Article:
What makes Jamaal kill?

This is the voice of the father of Jordanian suicide bomber Humam Khalil Abu Mulal al-Balawi, who blew up himself and seven Central Intelligence Agency workers in Afghanistan in December.

"They say that Jesus gave his life to people. I say that Humam sacrificed his body and soul for the oppressed."

The father, quoted in a Sunday New York Times story by Stephen Farrell, both mourns his son's death and embraces the holiness of his motives.

If you're like me and you are trying to better understand what motivates suicide bombers, you'll appreciate another piece in Sunday's "Week in Review" section of the Times: "The Terrorist Mind: An Update" by Sarah Kershaw. We all have our theories, but the piece focuses on real-world data:

Until recently, the psychology of terrorism had been largely theoretical. Finding actual subjects to study was daunting. But access to terrorists has increased and a nascent science is taking shape.

More former terrorists are speaking publicly about their experiences. Tens of thousands of terrorists are in "de-radicalization" programs around the globe, and they are being interviewed, counseled and subjected to psychological testing, offering the chance to collect real data on the subject.

Terrorist propaganda has flooded the Internet and the thinking of sympathizers is widely available. There are entire cable television channels operated by extremists, and researchers have access to the writings and "farewell tapes" of the growing number of suicide bombers as well as the transcripts of terrorism trials.

So, what does this wealth of material tell us? The Times piece serves as a primer on "Terrorist Psychology 101" and spells out what we can know in five depressing sections that tell us:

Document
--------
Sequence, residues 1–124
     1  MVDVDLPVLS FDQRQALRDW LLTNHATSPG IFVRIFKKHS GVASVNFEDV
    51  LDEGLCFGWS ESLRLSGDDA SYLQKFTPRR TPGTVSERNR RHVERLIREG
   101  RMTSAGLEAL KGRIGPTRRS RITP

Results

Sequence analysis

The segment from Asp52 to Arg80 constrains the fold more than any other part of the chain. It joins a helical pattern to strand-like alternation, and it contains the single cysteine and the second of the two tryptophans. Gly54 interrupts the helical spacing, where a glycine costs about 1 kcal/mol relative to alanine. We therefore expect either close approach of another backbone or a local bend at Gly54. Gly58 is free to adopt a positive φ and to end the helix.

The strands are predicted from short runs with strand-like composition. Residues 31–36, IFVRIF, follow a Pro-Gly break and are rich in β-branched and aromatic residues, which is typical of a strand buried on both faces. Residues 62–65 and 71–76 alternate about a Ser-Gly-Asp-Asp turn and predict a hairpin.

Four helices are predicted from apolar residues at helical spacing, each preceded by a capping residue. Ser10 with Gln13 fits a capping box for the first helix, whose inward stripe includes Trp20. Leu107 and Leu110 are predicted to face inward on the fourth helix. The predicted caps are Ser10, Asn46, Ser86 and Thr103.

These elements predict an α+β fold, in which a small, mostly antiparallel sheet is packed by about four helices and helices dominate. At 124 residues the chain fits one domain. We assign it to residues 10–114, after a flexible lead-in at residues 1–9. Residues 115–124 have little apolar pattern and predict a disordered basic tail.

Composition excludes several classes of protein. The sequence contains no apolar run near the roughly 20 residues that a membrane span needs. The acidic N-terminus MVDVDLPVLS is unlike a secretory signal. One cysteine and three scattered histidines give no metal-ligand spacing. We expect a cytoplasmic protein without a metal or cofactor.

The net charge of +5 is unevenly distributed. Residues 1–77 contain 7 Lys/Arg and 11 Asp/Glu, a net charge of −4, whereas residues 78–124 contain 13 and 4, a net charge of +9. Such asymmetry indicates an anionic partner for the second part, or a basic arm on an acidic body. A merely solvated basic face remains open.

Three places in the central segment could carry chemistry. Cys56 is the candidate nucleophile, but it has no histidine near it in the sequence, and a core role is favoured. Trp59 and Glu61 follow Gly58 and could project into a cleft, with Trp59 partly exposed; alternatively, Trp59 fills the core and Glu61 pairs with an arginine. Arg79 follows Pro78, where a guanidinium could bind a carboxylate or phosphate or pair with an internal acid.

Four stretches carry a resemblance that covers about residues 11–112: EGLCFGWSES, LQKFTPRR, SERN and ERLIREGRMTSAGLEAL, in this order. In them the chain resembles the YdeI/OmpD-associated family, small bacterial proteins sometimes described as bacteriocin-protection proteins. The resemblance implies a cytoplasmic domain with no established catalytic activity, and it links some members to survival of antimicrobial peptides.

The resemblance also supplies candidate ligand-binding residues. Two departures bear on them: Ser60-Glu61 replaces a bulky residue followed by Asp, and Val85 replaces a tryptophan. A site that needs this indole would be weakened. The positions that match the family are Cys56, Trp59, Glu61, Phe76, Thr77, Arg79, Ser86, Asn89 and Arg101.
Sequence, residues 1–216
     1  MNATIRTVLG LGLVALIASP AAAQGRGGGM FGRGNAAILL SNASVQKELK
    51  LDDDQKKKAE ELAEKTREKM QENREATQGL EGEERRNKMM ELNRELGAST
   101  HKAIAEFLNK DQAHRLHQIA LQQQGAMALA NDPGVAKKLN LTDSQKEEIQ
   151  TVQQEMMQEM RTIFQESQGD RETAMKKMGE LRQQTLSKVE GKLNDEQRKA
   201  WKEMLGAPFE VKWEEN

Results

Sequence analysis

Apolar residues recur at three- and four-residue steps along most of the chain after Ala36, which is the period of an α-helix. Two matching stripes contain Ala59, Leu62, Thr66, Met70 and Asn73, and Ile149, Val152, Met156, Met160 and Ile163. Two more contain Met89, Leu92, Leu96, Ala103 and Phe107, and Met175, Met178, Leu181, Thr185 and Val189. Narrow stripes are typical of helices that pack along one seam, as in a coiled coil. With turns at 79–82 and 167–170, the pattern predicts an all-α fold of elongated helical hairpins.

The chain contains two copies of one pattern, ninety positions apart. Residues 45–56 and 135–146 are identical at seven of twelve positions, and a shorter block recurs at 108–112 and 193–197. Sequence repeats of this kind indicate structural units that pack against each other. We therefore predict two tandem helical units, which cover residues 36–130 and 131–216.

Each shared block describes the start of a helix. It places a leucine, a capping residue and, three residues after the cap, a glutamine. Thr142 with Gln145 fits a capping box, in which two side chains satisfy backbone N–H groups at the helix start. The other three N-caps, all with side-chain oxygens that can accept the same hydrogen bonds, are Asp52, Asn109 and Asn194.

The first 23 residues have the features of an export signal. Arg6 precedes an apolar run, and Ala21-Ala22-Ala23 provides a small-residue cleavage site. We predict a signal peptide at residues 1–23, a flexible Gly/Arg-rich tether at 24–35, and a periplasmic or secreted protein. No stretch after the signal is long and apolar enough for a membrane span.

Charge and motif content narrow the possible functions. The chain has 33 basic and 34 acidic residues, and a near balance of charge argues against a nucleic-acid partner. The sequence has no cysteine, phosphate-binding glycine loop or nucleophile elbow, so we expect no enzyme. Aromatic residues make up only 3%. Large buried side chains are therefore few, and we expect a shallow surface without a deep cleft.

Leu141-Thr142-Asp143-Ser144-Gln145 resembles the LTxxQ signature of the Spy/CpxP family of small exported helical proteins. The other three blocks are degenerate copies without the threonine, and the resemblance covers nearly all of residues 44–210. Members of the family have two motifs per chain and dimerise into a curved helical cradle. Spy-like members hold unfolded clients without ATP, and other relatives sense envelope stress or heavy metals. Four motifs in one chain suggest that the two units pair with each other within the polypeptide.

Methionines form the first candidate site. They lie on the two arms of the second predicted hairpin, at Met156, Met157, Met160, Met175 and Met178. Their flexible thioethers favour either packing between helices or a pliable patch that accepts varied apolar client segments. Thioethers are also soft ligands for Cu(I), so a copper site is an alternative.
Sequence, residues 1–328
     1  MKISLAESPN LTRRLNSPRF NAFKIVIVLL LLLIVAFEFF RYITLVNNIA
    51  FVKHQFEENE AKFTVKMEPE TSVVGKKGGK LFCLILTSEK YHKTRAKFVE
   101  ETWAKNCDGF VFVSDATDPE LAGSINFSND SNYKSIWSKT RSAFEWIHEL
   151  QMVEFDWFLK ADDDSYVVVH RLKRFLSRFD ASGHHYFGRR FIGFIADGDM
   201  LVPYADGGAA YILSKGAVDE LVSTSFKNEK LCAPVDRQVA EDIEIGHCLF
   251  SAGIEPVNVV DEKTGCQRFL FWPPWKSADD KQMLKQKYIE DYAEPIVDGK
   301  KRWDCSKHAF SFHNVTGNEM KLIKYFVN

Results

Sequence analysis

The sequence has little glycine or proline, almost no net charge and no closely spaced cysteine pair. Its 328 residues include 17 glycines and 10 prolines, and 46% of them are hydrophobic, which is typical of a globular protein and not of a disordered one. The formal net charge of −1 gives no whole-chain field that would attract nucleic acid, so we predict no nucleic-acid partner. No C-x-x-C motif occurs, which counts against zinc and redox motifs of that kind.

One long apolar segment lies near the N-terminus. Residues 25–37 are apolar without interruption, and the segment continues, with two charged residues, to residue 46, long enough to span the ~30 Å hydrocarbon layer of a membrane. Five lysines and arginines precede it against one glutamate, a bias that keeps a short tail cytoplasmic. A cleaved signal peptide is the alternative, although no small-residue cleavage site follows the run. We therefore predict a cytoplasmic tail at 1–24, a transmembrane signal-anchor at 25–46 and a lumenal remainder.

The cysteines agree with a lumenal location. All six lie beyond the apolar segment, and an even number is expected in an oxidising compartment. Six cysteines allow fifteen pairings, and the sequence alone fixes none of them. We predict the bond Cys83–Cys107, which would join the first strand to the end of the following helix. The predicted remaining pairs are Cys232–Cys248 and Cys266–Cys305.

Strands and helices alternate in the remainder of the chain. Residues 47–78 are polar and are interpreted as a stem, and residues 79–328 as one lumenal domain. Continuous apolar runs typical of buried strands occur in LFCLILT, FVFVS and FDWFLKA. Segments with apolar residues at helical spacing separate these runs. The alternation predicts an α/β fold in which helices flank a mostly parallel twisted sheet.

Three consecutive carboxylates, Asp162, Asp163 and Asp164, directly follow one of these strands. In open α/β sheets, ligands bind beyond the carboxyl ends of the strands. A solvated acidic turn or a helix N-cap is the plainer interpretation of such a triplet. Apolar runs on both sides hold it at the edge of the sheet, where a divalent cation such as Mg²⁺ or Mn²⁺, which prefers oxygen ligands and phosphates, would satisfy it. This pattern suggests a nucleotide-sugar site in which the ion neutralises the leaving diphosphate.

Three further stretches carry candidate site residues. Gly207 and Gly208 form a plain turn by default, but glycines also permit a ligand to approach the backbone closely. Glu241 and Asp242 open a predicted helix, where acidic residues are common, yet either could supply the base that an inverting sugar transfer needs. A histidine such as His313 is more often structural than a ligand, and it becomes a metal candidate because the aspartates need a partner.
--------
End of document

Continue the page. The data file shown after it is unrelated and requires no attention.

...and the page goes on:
(1) The path to terrorism often begins with well known risk factors, such as:

...a strong sense of victimization and alienation; the belief that moral violations by the enemy justify violence in pursuit of a "higher moral condition;" the belief that the terrorists' ethnic, religious or nationalist group is special and in danger of extinction, and that they lack the political power to effect change without violence.

(2) Group dynamics (including Internet-based networks) intensify the risk: "justification for extremist action, whether through religious or secular doctrine, is either developed or greatly intensified by group dynamics."

(3) Morality is important: "...terrorists must inherently believe that violence against the enemy is not immoral, but that they also have internal limits, which they often do not learn until they are deeply embedded in a group."

(4) When a person has decided to be a suicide bomber, the die is largely cast:

Once a terrorist, it is often difficult to turn back. This is particularly true for prospective suicide bombers. Once assigned to their fatal missions, they become known as "walking martyrs." Backing down would create too much shame or humiliation.

(5) But disengagement from terrorist groups is possible in some cases, particularly when a person sees hypocrisy in the group or discovers that the reality of life in the group is not as satisfying as expected.

This was an excellent piece that presented mounds of data in a clear manner while also giving us profound, eloquent and heartbreaking sentences like this one:

... the overarching motivation of suicide bombers is the quest for personal significance, the desperate longing for a meaningful life that appears only to come with death.

Read it all.

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